John and Chris Bowie can't wait to get back to Noosa and begin his cancer treatment.
John and Chris Bowie can't wait to get back to Noosa and begin his cancer treatment.

Cancer patient’s joy after border backflip

A Noosa man battling pancreatic cancer has had his spirits lifted by a Queensland Health about-face that will finally allow him to return home.

Cartoonist John Bowie, 73, was far from amused by his New South Wales lockdown after he and wife Chris travelled to Sydney for his medical treatment.

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Noosa residents organised a Main Beach protest rally last week after the Bowies were given repeated refusals by authorities to travel back home from Port Macquarie.

People power appeared to have worked just a few days later.

Mr Bowie is considered one of the morning beach brigades’ bright and cheery souls in his yellow outfits.

Their ordeal ended when a Sunshine Coast University doctor rang to say the couple could be released from their isolation to travel home for radiation treatment.

“The great news is they’ve turned around and given us an exemption,” Chris said from their Port Macquarie motel room.

“I can’t believe it, it’s out the blue. It was just the best news ever,” she said.

“Because John’s not quite well enough to travel back now, we have another week here in Port Macquarie.”

Noosa's John and Chris Bowie.
Noosa's John and Chris Bowie.

They had deliberately moved away from the hot spots of Sydney to north of Newcastle which was COVID-19 free, to increase their chances of being allowed across the border.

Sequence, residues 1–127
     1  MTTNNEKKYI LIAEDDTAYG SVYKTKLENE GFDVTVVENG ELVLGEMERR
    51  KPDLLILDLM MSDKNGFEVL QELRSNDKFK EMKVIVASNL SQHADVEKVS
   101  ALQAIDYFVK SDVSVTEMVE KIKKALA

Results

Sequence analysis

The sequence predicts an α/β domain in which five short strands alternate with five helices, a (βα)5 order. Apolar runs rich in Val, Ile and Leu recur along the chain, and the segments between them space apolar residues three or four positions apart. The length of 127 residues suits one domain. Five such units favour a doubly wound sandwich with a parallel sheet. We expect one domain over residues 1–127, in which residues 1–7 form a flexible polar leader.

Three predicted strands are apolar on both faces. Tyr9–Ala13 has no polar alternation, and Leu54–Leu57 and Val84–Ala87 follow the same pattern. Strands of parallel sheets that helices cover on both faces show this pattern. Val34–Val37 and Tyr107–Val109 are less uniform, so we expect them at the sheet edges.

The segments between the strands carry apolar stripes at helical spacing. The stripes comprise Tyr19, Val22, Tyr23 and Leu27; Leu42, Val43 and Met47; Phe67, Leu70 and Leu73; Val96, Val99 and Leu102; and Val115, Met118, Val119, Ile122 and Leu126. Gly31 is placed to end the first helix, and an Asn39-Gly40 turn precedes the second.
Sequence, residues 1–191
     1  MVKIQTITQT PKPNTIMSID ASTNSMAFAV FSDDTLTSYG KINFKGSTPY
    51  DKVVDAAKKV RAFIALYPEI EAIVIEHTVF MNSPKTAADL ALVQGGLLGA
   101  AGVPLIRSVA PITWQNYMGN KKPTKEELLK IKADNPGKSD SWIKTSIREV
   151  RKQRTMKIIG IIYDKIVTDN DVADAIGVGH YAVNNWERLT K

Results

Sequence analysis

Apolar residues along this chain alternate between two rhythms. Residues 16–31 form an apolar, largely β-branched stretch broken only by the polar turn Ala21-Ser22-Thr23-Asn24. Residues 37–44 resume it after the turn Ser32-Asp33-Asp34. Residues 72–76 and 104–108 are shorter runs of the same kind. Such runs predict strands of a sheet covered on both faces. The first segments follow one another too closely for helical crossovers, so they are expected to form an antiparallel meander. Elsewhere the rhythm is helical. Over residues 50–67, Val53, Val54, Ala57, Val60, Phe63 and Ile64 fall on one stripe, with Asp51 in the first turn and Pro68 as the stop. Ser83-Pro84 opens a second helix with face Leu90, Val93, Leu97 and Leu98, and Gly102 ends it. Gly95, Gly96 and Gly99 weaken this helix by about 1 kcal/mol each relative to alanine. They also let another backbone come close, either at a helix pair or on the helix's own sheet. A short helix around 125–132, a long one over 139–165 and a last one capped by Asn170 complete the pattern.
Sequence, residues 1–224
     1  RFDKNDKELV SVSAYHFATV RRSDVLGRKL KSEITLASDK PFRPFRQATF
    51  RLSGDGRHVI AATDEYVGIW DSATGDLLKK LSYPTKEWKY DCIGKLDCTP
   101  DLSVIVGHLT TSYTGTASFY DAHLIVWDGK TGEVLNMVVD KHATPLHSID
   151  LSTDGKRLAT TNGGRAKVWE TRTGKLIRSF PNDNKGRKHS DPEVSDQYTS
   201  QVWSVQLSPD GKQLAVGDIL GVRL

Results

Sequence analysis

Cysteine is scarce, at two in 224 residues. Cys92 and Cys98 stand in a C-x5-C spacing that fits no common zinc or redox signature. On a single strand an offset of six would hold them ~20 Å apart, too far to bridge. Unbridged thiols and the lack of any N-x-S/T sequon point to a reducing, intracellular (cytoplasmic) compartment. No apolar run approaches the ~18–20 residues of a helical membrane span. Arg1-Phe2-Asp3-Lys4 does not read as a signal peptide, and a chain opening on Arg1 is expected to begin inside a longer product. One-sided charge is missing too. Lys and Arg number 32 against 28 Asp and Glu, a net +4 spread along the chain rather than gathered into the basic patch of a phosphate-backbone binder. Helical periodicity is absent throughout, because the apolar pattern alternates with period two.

“We came to Port Macquarie because we used to live here and we’d get to see people we know and it would be more comfortable for John,” Chris said.

They are booked on a Sunday flight to travel back to Sydney and then fly back to the Coast on Monday.

Chris said the Noosa rally in support of John was unbelievable.

“It was humbling, it really was, we were blown apart by it,” she said.

“I feel it certainly helped, something’s happened.

“John will be part of the bubble with that (Sunshine Coast University) hospital and when we get home we have to start organising his radiation.’

They initially chose to head to Sydney for treatment under a doctor who was one of the best in his field.

Chris said earlier scans taken after a round of chemotherapy had shown the tumour had shrunk significantly, but when his Sydney doctor opened John up the cancer was found to be inoperable.

“There’s a still a little bit of hope, the surgeon down here said to go back and have radiation to try and reduce the cancer.

“He said ‘look don’t give up hope’.”

When they arrive back on Monday, the couple will still have to isolate but the hospital is arranging special ambulance transport for his treatment sessions.